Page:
In our last post, we took a look at texture sampling and bump mapping. In this post, we’ll be talking about the last few additions that were made to cranberray before it was wrapped up. Converting from a recursive path tracer to an iterative path tracer and implementing tone mapping using ACES tone mapping curves.

Iterative Path Tracing

Converting cranberray from a recursive path tracer to an iterative path tracer was surprisingly simple. Before this change, cranberray would shoot a ray from the camera and run the appropriate shader at the intersection point. This shader would in turn shoot a ray in some arbitrary direction to determine how much light should illuminate that location. This would continue recursively until the rays would either reach their maximum recursive depth or the ray would terminate by exiting the scene completely and sampling our skybox.

This approach makes sense if you think of every point as reflecting light that it has received from another location. As a result, you need to know how much light you’ve received before you can shade your point.

However, instead you can consider the opposite view. That every point is continuously absorbing light. We can see that the amount of light that the viewer receives is modeled by

light = lightSource * absorb_0 * absorb_1 * absorb_2 ... * absorb_n

With that in mind, we can see that we can simply calculate how much light we absorb at each point without needing to know the quality or the quantity of the light that we are receiving.

Instead of thinking of it as the light source being recursively reflected to the viewer.

light recursive(i)
    return emissionAtPoint(i) + absorptionAtPoint(i) * recursive(i + 1);

We instead think of it as the light being absorbed at every stage

light iterative()
    for(i = 0; i < maxDepth; i++)
        light += absorption * emissionAtPoint(i);
        absorption *= absorptionAtPoint(i);
    return light;

This has some interesting properties!

  • If we notice that our absorption has reached 0, we can stop iterating.
  • We can multi-thread this much more easily than the recursive approach.
  • It has the desirable property of not easily introducing stack overflows.

I also find this version easier to think about which allows me more flexibility in the solutions I can imagine.

Tone Mapping

I will only touch briefly on tone mapping, I find that [1], [2] and [3] already provide excellent views on this topic.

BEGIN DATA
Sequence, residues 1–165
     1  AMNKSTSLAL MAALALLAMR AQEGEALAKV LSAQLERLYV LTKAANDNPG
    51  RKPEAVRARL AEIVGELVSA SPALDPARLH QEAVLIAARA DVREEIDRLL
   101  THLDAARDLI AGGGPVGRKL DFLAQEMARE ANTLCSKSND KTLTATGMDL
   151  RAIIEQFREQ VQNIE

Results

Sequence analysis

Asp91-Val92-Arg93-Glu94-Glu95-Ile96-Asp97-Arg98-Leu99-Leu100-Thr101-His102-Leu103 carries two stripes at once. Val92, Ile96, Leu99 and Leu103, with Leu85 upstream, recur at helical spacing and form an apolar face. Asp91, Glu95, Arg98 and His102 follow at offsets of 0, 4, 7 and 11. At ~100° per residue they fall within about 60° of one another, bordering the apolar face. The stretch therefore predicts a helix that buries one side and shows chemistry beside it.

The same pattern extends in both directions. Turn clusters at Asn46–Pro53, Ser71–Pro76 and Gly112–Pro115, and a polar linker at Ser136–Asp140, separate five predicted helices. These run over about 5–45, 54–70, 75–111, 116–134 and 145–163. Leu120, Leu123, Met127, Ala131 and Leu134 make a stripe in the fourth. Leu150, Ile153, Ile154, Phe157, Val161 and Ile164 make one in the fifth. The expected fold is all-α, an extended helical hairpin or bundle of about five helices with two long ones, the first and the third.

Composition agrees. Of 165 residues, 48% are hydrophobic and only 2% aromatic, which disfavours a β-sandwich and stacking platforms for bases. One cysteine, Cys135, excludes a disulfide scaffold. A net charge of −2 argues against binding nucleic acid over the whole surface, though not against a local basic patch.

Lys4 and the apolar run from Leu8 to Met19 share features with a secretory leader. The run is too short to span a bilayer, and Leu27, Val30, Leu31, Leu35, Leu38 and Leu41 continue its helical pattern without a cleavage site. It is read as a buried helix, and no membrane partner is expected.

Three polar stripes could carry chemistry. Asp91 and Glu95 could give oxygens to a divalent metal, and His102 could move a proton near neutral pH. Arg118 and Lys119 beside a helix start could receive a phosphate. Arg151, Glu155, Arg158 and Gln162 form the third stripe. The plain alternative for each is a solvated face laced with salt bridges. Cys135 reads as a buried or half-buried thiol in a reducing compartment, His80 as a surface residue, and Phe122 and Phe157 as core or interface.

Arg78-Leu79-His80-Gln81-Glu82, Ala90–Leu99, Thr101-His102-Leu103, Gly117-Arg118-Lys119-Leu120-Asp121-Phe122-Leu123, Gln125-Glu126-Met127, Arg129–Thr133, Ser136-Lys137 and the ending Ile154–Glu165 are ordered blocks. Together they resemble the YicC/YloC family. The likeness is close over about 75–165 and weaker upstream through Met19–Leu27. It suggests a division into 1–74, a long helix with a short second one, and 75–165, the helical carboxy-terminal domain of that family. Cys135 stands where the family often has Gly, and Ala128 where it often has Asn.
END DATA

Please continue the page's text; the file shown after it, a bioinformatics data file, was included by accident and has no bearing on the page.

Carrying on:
Cranberray makes use of the histogram based average luminance calculations alongside the ACES tone mapping operator. You can find more information about these in the referenced articles.

However, one portion that I would like to talk about is why we are using the geometric mean to calculate the average luminance and hopefully provide some intuitions about the geometric mean.

As you can see in [1], the histogram luminance is stored as a histogram of the logarithms of our luminance instead of as their raw value. We sum up the values of the logarithms, divide it by the total number of values and revert it to a luminance.

This is the definition of the geometric mean. You can calculate the geometric mean either through repeated multiplication:


Or by using the logarithmic identities:


It took me quite some time to understand why the geometric mean would be a desirable value when doing tone mapping. Then, I realized that it is desirable when you are speaking in terms of multiplicative properties.

If I’m speaking of light, I’m thinking of the intensity either being twice as bright, or half as bright. In most scenarios, I don’t necessarily care if something is 2 units brighter versus 2 units dimmer. The center value of something that is twice as bright and half as bright is the geometric mean.

You can derive this by imagining that we have our center value x.

Imagine that we have a set of numbers, 0.5x, 1x, 2x and I would like to determine the value of x. If we repeatedly multiply our values, we get 0.5*1*2*x^3=x^3 and we can then retrieve our value by taking the cube root.

Generalizing, given 3 variables



y=ax, z=bx, w=cx


a*b*c = 1 (1)

Then we can find a value for x by





given (1), then



As an example, say we have the values 0.2, 0.7, 1.3. If we take the geometric mean we get \sqrt[3]{0.2*0.7*1.3} which is 0.56670511081. Now if we divide our original values by that value we get 0.35291723364, 1.23521031776 and 2.2939620187 which when multiplied together give 1!

In terms of desirable properties, let’s take a look at a more visual example.

These images show the difference between using the arithmetic mean to normalize our values and using the geometric mean to normalize our values. The top row is our arithmetic mean and the bottom row is our geometric mean.

Our colors are simply generated by starting with 2, 4, 8, 16, 32, 2^n and calculating their arithmetic and geometric means then dividing each value by the respective means.

In our first example we have 2, 4 and 8. We divide by 4.6666 with the arithmetic mean and divide by 4 with the geometric mean.

You’ll notice that as our numbers get larger and larger, the arithmetic mean slowly loses all detail in the low range of our values and only maintains the brightest values at the edges.

Notice also that the geometric mean remains centered despite the ever growing magnitude of our values. This is desirable since most of our image would become very dark, very quickly.


That’s it for this series! Our next series will likely focus on a completely different topic, possibly in the world of real-time rendering. Cranberray was an excellent experience in various areas of path tracing. I would love to come back to it someday. Until next time, happy coding!